> reindex by opclass can be made possible.
>
> We changed the semantics of btree at least twice (in 2.4 and 3.0), fixed
> some ND mixed-dimension indexes semantics in 3.0, fixed hash index on 32
> bit arch in 3.0.

Oh, I wasn't aware of that.  Thanks for bringing this up!

Looking at the last occurence (c00f9525a3c6c) I see that the NEWS item does
mention the need to do a REINDEX.  As far as I understand there wouldn't be any
hard error if one doesn't do to a REINDEX, and you'd end up with some kind
of "logical" corruption as the new lib version won't have the same semantics
depending on the number of dimensions, so more or less the same kind of
problems that would happen in case of breaking update of a collation library.

It seems to me that it's a legitimate use case, especially since GiST doesn't
have a metapage to store an index version.  But I'm wondering if the right
answer is to allow REINDEX / reindexdb to look for specific opclass or to add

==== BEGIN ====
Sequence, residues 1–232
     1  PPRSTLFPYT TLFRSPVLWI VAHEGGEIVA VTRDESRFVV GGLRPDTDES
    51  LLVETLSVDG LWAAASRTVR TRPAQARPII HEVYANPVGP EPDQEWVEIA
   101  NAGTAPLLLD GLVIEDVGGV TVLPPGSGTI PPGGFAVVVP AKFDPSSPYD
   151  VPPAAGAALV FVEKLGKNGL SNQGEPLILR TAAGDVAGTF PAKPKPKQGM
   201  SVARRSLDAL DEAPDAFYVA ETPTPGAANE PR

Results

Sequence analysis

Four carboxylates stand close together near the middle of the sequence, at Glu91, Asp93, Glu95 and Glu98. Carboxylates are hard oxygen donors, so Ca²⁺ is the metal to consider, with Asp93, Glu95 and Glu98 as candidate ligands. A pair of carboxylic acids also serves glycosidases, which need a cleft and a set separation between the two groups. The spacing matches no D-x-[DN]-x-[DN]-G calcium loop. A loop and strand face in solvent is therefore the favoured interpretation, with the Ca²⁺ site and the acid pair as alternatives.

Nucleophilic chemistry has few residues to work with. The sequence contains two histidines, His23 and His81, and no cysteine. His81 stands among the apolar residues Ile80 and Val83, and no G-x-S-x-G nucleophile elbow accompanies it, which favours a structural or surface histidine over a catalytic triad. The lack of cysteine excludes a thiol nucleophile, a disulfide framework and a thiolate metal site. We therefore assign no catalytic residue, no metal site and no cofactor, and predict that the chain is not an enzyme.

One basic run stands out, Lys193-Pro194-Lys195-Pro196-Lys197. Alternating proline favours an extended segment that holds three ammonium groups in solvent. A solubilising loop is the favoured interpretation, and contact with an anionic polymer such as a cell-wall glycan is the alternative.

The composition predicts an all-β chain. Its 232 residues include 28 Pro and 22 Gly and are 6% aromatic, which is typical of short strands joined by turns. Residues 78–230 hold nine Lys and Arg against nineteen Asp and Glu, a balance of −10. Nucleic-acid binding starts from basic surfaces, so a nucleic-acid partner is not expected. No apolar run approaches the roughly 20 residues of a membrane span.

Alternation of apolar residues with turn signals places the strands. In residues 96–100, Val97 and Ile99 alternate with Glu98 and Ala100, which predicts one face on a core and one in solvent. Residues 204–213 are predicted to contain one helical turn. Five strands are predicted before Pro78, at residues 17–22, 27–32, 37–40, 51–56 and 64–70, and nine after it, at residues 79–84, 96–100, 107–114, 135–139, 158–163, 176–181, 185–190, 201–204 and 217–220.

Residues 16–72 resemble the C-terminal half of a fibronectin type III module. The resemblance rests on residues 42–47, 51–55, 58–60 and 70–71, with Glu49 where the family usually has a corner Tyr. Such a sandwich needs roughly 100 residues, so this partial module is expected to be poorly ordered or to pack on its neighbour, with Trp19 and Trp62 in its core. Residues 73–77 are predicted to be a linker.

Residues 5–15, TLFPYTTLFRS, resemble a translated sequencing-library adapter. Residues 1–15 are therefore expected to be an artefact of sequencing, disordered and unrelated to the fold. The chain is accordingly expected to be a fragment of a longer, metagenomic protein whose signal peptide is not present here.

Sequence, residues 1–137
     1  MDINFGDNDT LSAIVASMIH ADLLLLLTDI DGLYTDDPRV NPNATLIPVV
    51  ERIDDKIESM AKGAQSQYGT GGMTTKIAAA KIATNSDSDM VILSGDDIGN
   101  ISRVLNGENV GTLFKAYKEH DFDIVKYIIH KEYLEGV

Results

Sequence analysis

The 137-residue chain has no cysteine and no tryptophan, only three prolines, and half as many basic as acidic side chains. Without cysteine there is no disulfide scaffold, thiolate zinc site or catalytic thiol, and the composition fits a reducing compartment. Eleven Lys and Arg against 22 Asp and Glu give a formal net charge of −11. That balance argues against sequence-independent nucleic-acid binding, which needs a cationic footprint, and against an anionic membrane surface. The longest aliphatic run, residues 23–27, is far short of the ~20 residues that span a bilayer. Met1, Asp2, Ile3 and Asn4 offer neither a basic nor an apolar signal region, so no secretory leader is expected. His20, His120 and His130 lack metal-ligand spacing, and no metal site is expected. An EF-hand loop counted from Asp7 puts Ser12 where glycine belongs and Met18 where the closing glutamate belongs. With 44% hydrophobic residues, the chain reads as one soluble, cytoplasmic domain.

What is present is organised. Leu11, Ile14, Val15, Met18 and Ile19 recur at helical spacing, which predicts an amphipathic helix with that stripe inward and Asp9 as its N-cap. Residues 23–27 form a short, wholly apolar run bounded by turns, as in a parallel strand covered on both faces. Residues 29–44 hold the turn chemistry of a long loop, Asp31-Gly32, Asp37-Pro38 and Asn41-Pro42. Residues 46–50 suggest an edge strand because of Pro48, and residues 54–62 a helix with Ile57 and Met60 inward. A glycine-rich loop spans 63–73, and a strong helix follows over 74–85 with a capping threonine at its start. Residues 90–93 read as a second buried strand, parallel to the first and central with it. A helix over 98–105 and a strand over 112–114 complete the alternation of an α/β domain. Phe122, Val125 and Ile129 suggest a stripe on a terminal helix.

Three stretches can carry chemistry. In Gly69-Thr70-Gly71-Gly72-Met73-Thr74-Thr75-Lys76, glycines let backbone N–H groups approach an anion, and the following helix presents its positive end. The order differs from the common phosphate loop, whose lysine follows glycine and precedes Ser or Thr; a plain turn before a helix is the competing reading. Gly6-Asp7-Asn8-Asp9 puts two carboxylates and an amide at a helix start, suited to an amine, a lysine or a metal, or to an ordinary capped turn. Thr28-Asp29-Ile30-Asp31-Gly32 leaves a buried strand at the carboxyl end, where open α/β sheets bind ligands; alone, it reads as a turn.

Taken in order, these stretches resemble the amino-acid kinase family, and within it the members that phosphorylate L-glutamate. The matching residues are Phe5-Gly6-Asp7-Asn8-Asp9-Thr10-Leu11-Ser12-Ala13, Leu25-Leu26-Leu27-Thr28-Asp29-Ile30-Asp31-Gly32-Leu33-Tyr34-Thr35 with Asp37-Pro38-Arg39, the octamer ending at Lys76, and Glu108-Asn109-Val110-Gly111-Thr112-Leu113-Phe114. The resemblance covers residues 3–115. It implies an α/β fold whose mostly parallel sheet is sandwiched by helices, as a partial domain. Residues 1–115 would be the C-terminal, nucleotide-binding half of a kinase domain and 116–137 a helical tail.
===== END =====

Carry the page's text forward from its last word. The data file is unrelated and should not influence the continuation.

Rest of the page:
an API to let third party code register a custom dependency.  In this case
it would be some kind of gist ABI versioning.  We could then have a single
REINDEX option, like REINDEX (OUTDATED) as Thomas suggested in
https://www.postgresql.org/message-id/CA+hUKG+WWioP6xV5Xf1pPhiWNGD1B7hdBBCdQoKfp=zymJajBQ@...
for both cases.


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Re: REINDEX backend filtering

Julien Rouhaud
In reply to this post by Thomas Munro-5
On Thu, Feb 25, 2021 at 07:36:02AM +1300, Thomas Munro wrote:
> On Thu, Feb 25, 2021 at 1:22 AM Julien Rouhaud <[hidden email]> wrote:
> > #define reindexHasFilter(x)        ((x & REINDEXOPT_COLL_NOT_CURRENT) != 0)
>
> It's better to use "(x) & ..." in macros to avoid weird operator
> precedence problems in future code.

Ah indeed, thanks!  I usually always protect the arguments wth parenthesis but